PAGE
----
What’s new in the latest ReSharper 2017.2 EAP builds?

ReSharper 2017.2 EAPIt’s been four weeks and 7 EAP builds since we blogged about the ReSharper Ultimate 2017.2 EAP (Early Access Program) — time to have a thorough look at what’s new since!

Improved C# 7.1 support in ReSharper

With C# 7.1 around the corner, several new language features will come available. In our first ReSharper 2017.2 EAP, we already added support for the default literal. This newest EAP comes with support for a change in pattern matching with generic types, full support for async main, and supports tuple projection initializers.

Traditionally, when we would want to project a collection and then run LINQ over it, we’d have to resort to using either a helper class or an anonymous type for doing that projection. Not only that: if we just wanted the values for name and age, we’d have to allocate those explicitly as well:

var item = list
    .Select(p => new { p.Name, p.Age })
    .FirstOrDefault(p => p.Age > 21);

var name = item.Name;
var age = item.Age;

It looks verbose, and in fact there are several things happening under the covers that make this less than optimal. The compiler will generate an anonymous type which we are allocating on the managed heap (for every element in our list). We then have to allocate our name and age as well.

Granted, we could make this a bit more efficient by rewriting the example a little bit, or use C# 7.1’s tuple projection initializers. No anonymous type, less allocatons on the managed heap, and pleasant to read:

(var name, var age) = list
    .Select(p => (p.Name, p.Age))
    .FirstOrDefault(tuple => tuple.Age > 21);

Just like with the anononymous type, C# 7.1 infers the value tuple’s element names from the projection here. We’ve also added an inspection for checking redundant value tuple component names:

Inspection for checking redundant value tuple component names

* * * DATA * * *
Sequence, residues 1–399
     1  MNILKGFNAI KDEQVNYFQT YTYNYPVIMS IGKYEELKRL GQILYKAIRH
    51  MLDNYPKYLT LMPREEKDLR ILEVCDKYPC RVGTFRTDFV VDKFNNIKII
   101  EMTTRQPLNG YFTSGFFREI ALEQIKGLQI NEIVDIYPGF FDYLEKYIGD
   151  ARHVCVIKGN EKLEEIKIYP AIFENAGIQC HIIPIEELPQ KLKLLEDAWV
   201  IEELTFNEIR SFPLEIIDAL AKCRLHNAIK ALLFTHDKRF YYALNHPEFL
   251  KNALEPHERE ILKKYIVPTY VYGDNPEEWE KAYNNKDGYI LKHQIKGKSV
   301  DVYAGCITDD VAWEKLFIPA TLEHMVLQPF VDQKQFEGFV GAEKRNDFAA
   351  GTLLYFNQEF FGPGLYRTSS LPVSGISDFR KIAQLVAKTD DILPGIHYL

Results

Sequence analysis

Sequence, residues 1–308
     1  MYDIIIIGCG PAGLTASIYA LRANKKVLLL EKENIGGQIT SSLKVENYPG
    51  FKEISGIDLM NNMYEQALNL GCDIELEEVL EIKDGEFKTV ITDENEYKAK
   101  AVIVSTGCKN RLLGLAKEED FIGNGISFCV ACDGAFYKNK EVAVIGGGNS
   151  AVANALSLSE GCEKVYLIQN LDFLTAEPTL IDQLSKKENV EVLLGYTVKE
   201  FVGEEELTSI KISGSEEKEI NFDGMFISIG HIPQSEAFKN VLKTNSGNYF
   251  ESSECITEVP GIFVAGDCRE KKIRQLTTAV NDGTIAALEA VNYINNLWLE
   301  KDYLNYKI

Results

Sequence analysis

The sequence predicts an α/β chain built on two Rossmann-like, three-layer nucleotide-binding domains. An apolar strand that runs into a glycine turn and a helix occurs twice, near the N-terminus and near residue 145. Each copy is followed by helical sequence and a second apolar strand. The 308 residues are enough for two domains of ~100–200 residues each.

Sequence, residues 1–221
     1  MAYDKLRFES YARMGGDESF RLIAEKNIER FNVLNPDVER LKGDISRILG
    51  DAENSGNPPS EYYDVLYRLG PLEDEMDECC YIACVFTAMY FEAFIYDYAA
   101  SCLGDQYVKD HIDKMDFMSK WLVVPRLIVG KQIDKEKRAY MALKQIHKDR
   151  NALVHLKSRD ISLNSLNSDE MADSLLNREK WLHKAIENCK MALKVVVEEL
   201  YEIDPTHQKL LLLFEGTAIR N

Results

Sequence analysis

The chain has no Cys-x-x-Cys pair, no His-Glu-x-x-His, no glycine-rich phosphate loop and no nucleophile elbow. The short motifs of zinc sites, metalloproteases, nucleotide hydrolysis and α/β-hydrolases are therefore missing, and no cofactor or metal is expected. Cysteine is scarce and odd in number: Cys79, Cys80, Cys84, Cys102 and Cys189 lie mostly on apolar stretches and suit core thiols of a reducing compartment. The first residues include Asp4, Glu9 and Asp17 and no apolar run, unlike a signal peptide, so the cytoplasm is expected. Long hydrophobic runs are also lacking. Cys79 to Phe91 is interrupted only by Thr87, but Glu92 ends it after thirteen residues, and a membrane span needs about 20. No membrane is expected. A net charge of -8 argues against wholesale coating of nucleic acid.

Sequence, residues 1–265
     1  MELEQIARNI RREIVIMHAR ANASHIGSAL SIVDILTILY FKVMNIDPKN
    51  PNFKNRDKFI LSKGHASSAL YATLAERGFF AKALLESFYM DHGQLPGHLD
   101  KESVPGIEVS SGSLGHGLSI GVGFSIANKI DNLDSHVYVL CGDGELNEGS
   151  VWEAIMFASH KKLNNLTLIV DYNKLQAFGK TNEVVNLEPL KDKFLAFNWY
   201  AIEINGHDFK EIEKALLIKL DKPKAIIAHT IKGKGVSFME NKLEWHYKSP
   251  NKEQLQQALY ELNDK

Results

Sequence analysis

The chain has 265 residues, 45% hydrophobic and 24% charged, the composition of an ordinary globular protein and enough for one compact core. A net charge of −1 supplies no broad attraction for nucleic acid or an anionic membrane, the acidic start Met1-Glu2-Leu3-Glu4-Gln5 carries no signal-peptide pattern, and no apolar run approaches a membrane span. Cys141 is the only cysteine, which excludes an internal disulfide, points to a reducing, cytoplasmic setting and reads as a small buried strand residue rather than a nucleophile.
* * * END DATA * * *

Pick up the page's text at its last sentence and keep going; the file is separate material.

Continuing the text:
Note if you want to use this, the ValueTuple type is required. It’s built into .NET 4.7, .NET Core 2.0, Mono 5.0 and .NET Standard 2.0. If you’re on another target framework, the System.ValueTuple package will have to be installed.

When using ReSharper’s Go to Everything (Ctrl+T) or one of the other navigation features, we can find types, type members, files, text, … It’s a powerful search engine, much like the ones we use to find things on the Internet! ReSharper’s search supports partial search terms, CamelHumps, misspellings, … In this EAP build, we made finding things in our projects even more powerful!

ReSharper now returns results when word order is incorrect. What was that method called again? Was it ValidUser() or UserValid()? No worries, Go to … will find it:

Navigation - Word order no longer matters to find results

Sometimes we do know the correct name of what we are looking for. However when that name is something more generic like Service, ReSharper may return a lot of search results…

Navigation for general word returns lots of results

Just like with Internet search engines, ReSharper now supports adding quotes to enforce an exact match:

Navigation supports exact matching using quotes

It’s also possible to use wildcard * or ? inside quotes for a more exact wildcard match. For example "*Service" will show UserService, IssueService, WorkItemService – as long as it ends in Service.

ReSharper – Inspections and quick-fixes

We’ve always had a code inspection that encourages using implicit types using the var keyword (or, depending on your code style, the other way around, using explicit types). This EAP now also applies this inspection and its corresponding quick-fix to out variables:

Use var for out variable

A couple of other inspections were added as well: